Junior Guerra Relieves

In the middle of a pennant race for the Brewers, with a division fight against the Cubs potentially fading into a chance to solidify the top Wild Card seed, our beloved club may have accomplished something unexpected: the Brewers may have defined an adjustment and future role for RHP Junior Guerra just in time for the playoffs.


Junior Guerra has had an up-and-down season, which will deserve more analytical scrutiny once the season closes. Brewers fans largely wrote off Guerra after the righty experienced a forearm injury in July (on DL July 14-24), which preceded a truly dreadful stretch of baseball. Returning from the disabled list, Guerra started eight games, ultimately working 37.3 innings while allowing 38 runs (!!!) and a 32 strike out / 16 walk / 8 homer / 1.08 Groundball:Flyball peripheral performance. At this point, the Brewers replaced Guerra in the rotation with newly acquired southpaw Gio Gonzalez, himself looking for some redemption in a new locale.

Guerra’s fall was shocking in part because the righty maintained solid Runs Prevented throughout the year. On May 31, the splitter pitcher averaged approximately Nine Runs Prevented; that swelled to approximately 11 Runs Prevented through July, before returning to approximately Nine Runs Prevented on August 12 and plummeting to -1.3 Runs Prevented by August 24. Guerra bottomed out at an average of -9.0 Runs Prevented on September 9, meaning that the righty boasts one of the Top 10 Runs Prevented “declines” during the 2018 season:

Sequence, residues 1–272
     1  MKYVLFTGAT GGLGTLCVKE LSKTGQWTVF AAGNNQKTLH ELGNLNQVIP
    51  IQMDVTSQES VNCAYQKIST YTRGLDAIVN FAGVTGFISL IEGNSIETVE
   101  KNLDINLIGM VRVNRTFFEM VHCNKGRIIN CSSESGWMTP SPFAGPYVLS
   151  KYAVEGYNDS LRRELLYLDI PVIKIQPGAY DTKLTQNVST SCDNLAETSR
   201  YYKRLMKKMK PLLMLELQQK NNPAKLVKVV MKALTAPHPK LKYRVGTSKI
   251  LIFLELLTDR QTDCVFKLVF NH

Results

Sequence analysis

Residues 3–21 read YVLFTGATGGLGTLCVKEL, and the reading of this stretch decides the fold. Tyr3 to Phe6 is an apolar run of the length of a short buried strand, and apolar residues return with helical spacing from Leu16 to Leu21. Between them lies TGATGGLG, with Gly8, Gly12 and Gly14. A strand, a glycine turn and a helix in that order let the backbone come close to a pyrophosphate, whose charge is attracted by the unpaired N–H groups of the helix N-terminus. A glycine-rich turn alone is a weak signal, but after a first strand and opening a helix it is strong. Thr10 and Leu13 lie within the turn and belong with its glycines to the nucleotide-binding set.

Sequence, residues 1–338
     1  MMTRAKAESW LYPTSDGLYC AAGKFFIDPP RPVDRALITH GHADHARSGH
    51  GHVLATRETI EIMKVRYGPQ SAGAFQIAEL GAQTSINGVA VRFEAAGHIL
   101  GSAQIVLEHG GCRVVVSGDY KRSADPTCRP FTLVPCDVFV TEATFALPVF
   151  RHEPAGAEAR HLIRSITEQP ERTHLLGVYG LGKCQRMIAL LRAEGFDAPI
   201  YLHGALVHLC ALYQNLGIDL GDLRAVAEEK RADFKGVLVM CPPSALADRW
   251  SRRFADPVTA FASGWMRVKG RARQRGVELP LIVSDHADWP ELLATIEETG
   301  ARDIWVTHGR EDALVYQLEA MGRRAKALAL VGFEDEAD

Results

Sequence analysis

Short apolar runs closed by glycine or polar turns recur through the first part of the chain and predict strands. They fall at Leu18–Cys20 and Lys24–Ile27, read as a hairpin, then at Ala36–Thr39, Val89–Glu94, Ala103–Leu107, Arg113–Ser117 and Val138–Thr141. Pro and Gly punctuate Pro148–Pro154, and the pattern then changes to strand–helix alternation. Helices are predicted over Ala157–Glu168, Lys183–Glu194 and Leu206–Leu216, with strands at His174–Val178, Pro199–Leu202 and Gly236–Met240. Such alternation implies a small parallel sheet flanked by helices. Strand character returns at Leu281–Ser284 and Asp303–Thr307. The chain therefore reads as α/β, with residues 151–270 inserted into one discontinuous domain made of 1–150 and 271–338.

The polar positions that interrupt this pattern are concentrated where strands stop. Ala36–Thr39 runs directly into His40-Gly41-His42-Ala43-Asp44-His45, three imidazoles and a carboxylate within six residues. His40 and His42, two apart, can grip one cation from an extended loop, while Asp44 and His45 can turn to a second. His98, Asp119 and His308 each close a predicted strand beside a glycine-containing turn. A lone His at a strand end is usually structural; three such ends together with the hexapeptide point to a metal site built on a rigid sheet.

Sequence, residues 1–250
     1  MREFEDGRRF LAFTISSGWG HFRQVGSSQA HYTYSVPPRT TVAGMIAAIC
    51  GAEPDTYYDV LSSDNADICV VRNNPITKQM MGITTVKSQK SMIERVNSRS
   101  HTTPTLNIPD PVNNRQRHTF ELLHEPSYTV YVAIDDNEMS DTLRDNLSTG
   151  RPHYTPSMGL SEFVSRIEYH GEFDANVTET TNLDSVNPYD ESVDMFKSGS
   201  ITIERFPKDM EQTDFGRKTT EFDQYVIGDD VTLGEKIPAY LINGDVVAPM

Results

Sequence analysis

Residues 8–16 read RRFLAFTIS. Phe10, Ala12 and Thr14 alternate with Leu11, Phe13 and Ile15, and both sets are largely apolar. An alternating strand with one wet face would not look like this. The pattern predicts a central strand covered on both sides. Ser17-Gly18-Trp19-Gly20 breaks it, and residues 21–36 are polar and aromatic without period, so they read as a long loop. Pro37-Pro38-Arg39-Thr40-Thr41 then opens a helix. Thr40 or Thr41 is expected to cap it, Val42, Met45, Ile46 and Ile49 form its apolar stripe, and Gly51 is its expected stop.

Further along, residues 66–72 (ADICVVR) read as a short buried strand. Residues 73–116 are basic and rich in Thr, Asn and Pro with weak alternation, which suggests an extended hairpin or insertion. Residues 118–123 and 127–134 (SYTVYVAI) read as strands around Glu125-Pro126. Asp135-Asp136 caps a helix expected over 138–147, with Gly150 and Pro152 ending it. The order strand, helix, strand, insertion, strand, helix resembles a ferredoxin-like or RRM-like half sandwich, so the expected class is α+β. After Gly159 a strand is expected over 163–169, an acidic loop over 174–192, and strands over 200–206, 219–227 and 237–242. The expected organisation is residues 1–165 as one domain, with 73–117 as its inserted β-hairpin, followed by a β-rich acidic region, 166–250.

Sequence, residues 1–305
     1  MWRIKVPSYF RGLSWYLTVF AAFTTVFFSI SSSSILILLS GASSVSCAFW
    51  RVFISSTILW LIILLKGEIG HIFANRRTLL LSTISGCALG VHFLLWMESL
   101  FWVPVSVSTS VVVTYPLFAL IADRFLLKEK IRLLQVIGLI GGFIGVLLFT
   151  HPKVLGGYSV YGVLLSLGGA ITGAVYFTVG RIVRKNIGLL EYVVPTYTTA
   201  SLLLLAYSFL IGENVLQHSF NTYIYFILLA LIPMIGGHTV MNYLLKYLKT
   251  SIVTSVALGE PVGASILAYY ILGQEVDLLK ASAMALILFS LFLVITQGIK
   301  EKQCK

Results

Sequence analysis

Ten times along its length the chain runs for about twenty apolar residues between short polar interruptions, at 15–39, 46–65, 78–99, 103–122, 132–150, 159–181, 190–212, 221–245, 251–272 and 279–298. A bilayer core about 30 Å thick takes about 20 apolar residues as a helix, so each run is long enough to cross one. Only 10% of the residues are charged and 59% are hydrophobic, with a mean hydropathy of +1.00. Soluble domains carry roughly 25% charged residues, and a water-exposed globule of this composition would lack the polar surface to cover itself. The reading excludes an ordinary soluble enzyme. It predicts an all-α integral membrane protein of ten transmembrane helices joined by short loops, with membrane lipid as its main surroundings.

May-to-September Runs Prevented Direction of Change Average Runs Prevented
Bartolo Colon (TEX) -21.2 -4.1
Jason Hammel (KC) -20.5 -21.1
Dylan Bundy (BAL) -19.6 -10.4
Brian Duensing (CHC) -19.3 -8.5
Matt Albers (MIL) -19.0 -2.3
Dylan Covey (CHW) -18.9 -14.0
Francisco Liriano (DET) -18.6 -2.5
Junior Guerra (MIL) -18.2 4.9
Felix Hernandez (SEA) -18.0 -21.0
Gio Gonzalez (WAS) -17.0 3.6

What is notable, however, is that despite Guerra’s large decline from May through September, the righty ultimately provided (approximately) average production throughout the season. Ironically, Gio Gonzalez matches this trend for Guerra as well, as the lefty averaged approximately Four Runs Prevented for the Nationals despite falling to below average production by the time he was traded to Milwaukee.


So, the Brewers entered a playoff stretch run by moving one formerly productive starting pitcher into the rotation at the expense of another formerly productive starting pitcher. Yet, Craig Counsell provided Guerra a couple of opportunities to define his relief role while working in close deficits on September 11 and September 15, and the righty also made another appearance during last night’s series closing victory against the Reds.

I’ve dreamed on a Guerra relief role since the beginning, considering the righty’s command stature and splitter as two of the reasons that the righty might morph from a starting pitcher into a reliever. What is fascinating, however, is that while Guerra is absolutely lights out over 3.7 relief innings thus far (5 K / 0 BB / 0 HR / 1.33 GB:FB), that formerly elite splitter is nowhere to be seen. In fact, according to Brooks Baseball, entering Wednesday night’s match-up against the Reds, the righty had almost exclusively worked fastball / breaking ball in relief. At the time of this writing, Brooks Baseball data had yet to reflect Guerra’s last outing, but raw Gameday Play-By-Play suggests that Guerra was once more a two-pitch pitcher.


What is especially stunning about Guerra moving to a fastball / breaking ball relief profile is that the hurler is not even using his slider. According to Brooks Baseball, Guerra’s velocity, vertical movement, and horizontal movement profile on his breaking ball matches his previous “curveball,” rather than his well-known “slider.” Here’s how Guerra’s pitch profile looked as a starting pitcher in 2018: